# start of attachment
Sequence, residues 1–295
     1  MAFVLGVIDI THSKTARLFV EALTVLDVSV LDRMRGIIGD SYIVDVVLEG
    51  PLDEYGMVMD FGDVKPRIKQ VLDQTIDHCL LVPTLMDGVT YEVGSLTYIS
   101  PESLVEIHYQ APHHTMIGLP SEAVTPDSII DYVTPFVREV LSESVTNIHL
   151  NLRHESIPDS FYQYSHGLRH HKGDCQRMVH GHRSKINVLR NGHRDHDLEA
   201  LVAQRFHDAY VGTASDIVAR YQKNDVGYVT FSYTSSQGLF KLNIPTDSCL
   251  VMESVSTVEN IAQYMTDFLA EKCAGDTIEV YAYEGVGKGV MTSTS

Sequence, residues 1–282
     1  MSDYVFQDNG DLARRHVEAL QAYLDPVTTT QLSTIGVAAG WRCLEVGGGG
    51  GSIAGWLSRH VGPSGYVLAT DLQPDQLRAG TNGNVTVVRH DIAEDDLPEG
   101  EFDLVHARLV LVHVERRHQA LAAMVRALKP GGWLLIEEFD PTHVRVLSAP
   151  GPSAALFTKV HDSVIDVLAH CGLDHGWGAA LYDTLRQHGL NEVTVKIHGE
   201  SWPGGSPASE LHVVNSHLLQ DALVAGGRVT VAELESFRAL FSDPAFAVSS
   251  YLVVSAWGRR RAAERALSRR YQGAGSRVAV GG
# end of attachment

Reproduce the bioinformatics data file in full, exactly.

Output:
Sequence, residues 1–295
     1  MAFVLGVIDI THSKTARLFV EALTVLDVSV LDRMRGIIGD SYIVDVVLEG
    51  PLDEYGMVMD FGDVKPRIKQ VLDQTIDHCL LVPTLMDGVT YEVGSLTYIS
   101  PESLVEIHYQ APHHTMIGLP SEAVTPDSII DYVTPFVREV LSESVTNIHL
   151  NLRHESIPDS FYQYSHGLRH HKGDCQRMVH GHRSKINVLR NGHRDHDLEA
   201  LVAQRFHDAY VGTASDIVAR YQKNDVGYVT FSYTSSQGLF KLNIPTDSCL
   251  VMESVSTVEN IAQYMTDFLA EKCAGDTIEV YAYEGVGKGV MTSTS

Sequence, residues 1–282
     1  MSDYVFQDNG DLARRHVEAL QAYLDPVTTT QLSTIGVAAG WRCLEVGGGG
    51  GSIAGWLSRH VGPSGYVLAT DLQPDQLRAG TNGNVTVVRH DIAEDDLPEG
   101  EFDLVHARLV LVHVERRHQA LAAMVRALKP GGWLLIEEFD PTHVRVLSAP
   151  GPSAALFTKV HDSVIDVLAH CGLDHGWGAA LYDTLRQHGL NEVTVKIHGE
   201  SWPGGSPASE LHVVNSHLLQ DALVAGGRVT VAELESFRAL FSDPAFAVSS
   251  YLVVSAWGRR RAAERALSRR YQGAGSRVAV GG